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Some South Dakota farmers are unhappy with industrial ag getting conservation funds; Texas judge allows abortion in Cox case; Native tribes express concern over Nevada's clean energy projects.

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The Colorado Supreme Court weighs barring Trump from office, Georgia Republicans may be defying a federal judge with a Congressional map splitting a Black majority district and fake electors in Wisconsin finally agree Biden won there in 2020.

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Texas welcomes more visitors near Big Bend but locals worry the water won't last, those dependent on Colorado's Dolores River fear the same but have found common ground solutions, and a new film highlights historical healthcare challenges in rural Appalachia.

Alliance sues over Yellowstone logging project

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Wednesday, September 27, 2023   

Three conservation groups have sued to stop a large logging project near Yellowstone National Park they say threatens endangered species in Montana.

The South Plateau Project would clear-cut 5,500 acres of trees, burn more than 16,000 acres, and carve 56 miles of logging roads into the Custer-Gallatin National Forest near Yellowstone Park, close to the Continental Divide.

Mike Garrity, executive director of the Helena-based Alliance for the Wild Rockies, which worked with the Center for Biological Diversity to file the suit, said the logging project would be genetically devastating for grizzlies near Yellowstone, because it proposes to slice through a corridor which allows Yellowstone grizzlies to mix with bears further north as they work their way back from the endangered list.

"Grizzlies, once again, need one connected population so they have healthy genetic interchange," Garrity emphasized. "Grizzlies that are isolated are at risk for inbreeding. Once inbreeding sets in, they are sunk."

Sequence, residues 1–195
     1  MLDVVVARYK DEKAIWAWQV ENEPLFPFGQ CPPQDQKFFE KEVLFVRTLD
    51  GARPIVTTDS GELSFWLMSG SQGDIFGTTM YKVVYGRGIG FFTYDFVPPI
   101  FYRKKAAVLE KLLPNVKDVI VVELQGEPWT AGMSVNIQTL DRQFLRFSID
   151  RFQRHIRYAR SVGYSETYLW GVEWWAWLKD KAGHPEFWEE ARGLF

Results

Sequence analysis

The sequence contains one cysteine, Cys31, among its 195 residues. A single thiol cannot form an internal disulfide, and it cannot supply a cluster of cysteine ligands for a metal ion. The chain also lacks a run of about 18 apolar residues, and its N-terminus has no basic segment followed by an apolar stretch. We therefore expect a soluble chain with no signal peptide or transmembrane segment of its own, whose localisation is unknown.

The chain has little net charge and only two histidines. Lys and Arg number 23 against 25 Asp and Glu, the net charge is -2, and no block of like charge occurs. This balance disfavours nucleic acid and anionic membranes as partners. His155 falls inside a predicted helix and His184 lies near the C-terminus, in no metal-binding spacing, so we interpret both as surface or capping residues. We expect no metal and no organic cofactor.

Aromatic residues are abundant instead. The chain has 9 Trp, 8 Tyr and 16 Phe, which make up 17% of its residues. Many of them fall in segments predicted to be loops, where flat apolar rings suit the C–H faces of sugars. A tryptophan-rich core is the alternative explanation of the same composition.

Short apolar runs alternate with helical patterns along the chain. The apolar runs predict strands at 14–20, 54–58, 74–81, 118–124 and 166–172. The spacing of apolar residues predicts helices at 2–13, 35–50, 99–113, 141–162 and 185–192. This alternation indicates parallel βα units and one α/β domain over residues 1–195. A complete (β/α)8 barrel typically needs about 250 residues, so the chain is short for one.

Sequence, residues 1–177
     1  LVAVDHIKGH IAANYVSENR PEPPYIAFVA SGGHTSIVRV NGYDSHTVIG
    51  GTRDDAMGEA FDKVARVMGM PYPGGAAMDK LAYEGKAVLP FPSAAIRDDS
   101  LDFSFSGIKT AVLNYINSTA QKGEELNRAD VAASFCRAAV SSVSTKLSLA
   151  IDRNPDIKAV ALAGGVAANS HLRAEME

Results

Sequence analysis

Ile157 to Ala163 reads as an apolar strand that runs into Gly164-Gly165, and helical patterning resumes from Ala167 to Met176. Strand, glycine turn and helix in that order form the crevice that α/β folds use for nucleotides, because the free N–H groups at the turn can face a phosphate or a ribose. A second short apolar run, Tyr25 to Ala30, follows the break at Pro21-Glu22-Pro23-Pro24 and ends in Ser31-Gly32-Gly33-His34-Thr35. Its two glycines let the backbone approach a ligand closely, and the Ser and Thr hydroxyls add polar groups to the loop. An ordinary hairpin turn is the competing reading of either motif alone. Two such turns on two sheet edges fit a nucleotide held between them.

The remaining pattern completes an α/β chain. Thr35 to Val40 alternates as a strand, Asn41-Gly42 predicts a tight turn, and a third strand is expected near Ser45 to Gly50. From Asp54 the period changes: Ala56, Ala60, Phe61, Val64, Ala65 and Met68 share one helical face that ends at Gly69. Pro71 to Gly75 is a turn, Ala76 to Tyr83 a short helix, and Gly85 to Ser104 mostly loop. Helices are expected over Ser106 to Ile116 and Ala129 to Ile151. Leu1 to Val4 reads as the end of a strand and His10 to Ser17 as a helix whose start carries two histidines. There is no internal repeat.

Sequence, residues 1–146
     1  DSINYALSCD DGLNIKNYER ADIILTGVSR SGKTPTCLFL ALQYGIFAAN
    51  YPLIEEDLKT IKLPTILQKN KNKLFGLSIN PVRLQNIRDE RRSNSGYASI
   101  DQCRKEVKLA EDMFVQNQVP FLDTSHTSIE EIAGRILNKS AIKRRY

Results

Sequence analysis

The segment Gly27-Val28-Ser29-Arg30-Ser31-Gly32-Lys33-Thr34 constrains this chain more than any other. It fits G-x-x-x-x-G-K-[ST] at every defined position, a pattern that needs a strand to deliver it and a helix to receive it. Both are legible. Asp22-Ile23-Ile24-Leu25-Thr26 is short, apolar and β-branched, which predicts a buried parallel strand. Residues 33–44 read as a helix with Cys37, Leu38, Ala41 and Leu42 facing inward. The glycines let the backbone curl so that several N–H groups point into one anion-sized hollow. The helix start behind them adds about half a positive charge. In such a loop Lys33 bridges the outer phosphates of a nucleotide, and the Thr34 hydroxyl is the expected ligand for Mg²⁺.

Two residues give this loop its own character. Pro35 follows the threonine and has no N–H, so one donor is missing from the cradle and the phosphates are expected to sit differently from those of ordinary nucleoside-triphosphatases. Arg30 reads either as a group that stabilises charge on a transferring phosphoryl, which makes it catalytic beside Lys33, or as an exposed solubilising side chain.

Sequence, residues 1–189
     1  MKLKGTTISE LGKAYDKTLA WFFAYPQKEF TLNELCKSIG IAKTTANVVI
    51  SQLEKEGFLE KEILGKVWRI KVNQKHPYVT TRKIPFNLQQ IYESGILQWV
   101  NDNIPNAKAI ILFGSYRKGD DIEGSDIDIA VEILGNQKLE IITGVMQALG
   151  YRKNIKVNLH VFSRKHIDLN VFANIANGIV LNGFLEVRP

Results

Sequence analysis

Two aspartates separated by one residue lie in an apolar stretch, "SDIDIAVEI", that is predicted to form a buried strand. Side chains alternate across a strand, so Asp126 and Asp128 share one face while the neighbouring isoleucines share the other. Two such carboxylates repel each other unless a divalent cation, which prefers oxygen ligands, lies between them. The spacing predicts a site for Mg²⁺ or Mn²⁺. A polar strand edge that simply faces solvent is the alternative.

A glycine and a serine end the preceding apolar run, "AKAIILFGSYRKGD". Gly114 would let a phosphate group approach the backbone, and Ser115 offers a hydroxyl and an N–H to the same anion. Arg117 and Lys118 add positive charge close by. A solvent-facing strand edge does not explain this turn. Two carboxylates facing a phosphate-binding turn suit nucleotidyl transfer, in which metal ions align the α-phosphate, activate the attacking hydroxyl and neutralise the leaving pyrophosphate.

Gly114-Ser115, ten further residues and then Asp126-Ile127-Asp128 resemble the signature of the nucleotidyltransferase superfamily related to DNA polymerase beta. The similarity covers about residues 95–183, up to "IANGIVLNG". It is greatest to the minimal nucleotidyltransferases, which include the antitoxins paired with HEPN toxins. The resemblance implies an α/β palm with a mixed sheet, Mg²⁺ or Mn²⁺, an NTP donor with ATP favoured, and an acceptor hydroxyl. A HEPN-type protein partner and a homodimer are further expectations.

Garrity added most grizzlies are killed within one-third of a mile of a logging road - evidence, he said, that humans are threatening the already threatened species in the state. The U.S. Forest Service, which would oversee the logging project, has declined to comment due to the pending litigation.

Beyond providing vital habitat for grizzlies and Canada lynx, which are known to avoid forest clear-cuts for as long as 50 years, Garrity pointed out halting the project would preserve close to 17,000 logging trucks worth of timber, and prevent a devastating ecological impact on the climate.

"Forests are tremendous carbon sinks," Garrity stressed. "National Forests absorb about 12% to 15% of all the carbon the United States produces in a year. They're going to cut down all these trees and disturbing all the soil because trees also pump carbon into the soils, and bulldozing all these new logging roads is going to release a ton of carbon into the atmosphere."

Garrity argued the Forest Service has not analyzed the environmental impacts of the project, which is required under the National Environmental Policy Act.

Disclosure: The Alliance for the Wild Rockies contributes to our fund for reporting on Endangered Species and Wildlife, and the Environment. If you would like to help support news in the public interest, click here.


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